Loose Ends (above) was an exercise in creating a “good” line and being brave. Or it began with a sketch I’d drawn in 2011 (left). I was with my parents who were visiting friends in San Francisco and I decided to spend some time by myself at a small diner and drew this on the back of one of their menus. I was just doodling.
But I liked the result so much I didn’t want to mess with it… until 2018, when I set out to extend it to something bigger, and that’s when it became an exercise in bravery. I only got as far as making a carbon copy of the original sketch onto water color paper (which I’d prepared with several washes of tea).
I believed I had to recall what the original intent was or some idea behind the line work before I could extend the idea further. I decided finally, in the last week, to not worry so much about going back in time and doing more of what I’d already done, but instead continue the lines in whatever way my hands wanted to.
The next day, I moved onto the upper middle section and tried to create some uniformity by allowing the lines to criss cross within these pod-like shapes. (Below) It got a little boring and formulaic, so I found myself extending some of these lines beyond the confines of the pods.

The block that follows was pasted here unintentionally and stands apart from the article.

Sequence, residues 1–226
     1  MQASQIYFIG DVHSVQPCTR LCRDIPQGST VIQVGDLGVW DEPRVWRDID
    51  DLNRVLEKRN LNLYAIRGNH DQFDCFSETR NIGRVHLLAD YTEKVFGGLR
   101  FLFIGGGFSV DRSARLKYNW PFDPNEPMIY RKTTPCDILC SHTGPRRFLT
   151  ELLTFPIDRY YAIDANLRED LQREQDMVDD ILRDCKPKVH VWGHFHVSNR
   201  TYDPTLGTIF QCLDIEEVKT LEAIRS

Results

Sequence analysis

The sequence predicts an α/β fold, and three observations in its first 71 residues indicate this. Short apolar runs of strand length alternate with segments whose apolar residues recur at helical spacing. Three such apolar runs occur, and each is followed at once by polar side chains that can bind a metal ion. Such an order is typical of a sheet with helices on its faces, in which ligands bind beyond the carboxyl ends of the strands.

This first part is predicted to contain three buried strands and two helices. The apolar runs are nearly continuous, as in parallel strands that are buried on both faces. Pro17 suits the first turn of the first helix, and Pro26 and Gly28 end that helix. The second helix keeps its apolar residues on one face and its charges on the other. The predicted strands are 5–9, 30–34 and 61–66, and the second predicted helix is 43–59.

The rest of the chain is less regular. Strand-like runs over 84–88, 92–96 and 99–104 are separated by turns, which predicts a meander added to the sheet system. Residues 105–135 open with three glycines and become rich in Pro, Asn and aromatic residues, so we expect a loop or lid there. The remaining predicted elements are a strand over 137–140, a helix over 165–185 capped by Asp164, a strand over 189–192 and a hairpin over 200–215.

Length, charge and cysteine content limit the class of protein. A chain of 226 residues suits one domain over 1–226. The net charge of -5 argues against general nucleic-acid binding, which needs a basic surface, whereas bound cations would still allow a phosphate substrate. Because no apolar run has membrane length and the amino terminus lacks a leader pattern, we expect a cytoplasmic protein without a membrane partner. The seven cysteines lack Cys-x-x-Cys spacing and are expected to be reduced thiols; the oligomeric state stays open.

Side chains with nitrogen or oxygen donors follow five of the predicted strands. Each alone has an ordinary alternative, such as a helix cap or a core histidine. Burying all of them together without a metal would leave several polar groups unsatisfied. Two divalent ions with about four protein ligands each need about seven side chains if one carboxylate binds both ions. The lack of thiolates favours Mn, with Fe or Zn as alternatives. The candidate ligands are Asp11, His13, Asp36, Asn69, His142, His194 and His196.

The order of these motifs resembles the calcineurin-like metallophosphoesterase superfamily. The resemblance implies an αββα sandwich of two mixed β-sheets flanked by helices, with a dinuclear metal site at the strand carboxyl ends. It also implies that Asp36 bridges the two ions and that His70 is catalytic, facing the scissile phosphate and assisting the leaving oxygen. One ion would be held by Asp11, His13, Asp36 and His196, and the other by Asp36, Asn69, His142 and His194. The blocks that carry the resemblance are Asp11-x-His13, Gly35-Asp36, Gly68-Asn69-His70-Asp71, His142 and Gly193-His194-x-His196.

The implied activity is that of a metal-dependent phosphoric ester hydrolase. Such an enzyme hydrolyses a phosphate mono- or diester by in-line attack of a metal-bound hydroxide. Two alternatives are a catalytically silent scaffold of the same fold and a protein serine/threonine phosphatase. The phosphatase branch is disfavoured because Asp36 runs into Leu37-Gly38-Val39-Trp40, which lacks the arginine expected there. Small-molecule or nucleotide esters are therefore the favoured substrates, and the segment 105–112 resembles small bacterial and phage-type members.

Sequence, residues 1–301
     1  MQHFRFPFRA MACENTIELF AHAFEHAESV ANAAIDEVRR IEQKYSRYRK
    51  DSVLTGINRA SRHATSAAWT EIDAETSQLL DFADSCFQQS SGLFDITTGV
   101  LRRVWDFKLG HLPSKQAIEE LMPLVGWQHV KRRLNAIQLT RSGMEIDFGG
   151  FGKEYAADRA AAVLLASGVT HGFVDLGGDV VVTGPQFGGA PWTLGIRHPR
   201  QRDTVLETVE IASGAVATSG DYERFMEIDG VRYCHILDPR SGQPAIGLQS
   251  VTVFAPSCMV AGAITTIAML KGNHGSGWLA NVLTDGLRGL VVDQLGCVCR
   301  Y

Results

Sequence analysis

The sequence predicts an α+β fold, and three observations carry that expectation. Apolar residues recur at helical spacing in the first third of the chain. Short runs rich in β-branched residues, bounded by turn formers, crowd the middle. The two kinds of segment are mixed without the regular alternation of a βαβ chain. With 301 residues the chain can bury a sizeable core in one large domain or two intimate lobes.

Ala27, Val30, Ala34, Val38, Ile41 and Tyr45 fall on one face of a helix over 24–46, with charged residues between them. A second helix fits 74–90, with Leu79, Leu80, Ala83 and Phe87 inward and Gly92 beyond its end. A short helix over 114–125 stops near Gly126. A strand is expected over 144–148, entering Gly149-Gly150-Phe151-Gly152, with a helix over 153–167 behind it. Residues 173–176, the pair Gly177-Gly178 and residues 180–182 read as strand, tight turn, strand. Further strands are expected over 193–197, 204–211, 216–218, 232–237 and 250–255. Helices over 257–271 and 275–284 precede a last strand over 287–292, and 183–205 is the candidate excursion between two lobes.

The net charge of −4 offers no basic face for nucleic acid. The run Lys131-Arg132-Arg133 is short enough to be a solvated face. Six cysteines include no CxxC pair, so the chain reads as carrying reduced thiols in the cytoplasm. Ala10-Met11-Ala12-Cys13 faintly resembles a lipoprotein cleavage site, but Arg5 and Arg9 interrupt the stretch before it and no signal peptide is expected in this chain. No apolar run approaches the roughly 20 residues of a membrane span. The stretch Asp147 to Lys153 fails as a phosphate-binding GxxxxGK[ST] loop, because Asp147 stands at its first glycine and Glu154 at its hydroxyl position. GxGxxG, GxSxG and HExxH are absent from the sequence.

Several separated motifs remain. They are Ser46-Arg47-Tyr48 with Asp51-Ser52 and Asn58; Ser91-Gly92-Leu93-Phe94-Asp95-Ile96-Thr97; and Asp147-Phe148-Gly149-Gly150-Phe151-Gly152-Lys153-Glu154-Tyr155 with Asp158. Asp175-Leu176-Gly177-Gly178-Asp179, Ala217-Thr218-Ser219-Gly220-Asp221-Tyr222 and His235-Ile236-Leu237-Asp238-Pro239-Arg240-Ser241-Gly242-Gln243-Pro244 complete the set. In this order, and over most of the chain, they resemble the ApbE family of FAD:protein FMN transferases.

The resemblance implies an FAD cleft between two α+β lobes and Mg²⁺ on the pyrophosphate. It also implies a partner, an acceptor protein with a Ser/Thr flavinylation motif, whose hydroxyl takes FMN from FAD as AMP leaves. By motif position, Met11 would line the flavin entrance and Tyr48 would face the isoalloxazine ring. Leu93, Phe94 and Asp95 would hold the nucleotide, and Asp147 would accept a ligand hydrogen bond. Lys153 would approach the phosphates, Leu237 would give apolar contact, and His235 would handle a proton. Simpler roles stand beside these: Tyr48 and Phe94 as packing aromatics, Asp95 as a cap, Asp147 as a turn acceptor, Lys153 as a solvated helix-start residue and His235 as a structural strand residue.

On the third day I moved to the upper right-hand corner (left) and may have stayed on it longer than I should have. It became again a mess of lines. It had occurred to me that this was an exercise in a third idea and that was “saving” the drawing from one “mistake” after another — or this was apart being brave by trying one line after another, knowing full well I was going to make many more mistakes.
Or maybe it undermines the exercise in being brave, as being able to save the drawing from these mistakes makes it not so easy to make a mistake I can’t recover from. (Why does it feel like I could apply this to life in general?) I eventually turned to making certain lines heavier than others so my eyes could have something to focus on.
I though i was done, but on the fourth day, I realized there still some empty spaces, so I lazily extended any loose ends, allowing again the size of my hands to determine where the lines would bend, until they found their way the edge of the paper. The upper left-hand corner is above and the lower left-hand corner is below, left, and the lower right-hand corner is below, right, after I’d gone over certain lines with heavier lines.
On the fourth day, I started to lose my nerve and began by allowing myself to use a pencil before committing new lines to pen. I eventually stopped worrying so much and started and ended the last few lines with a pen.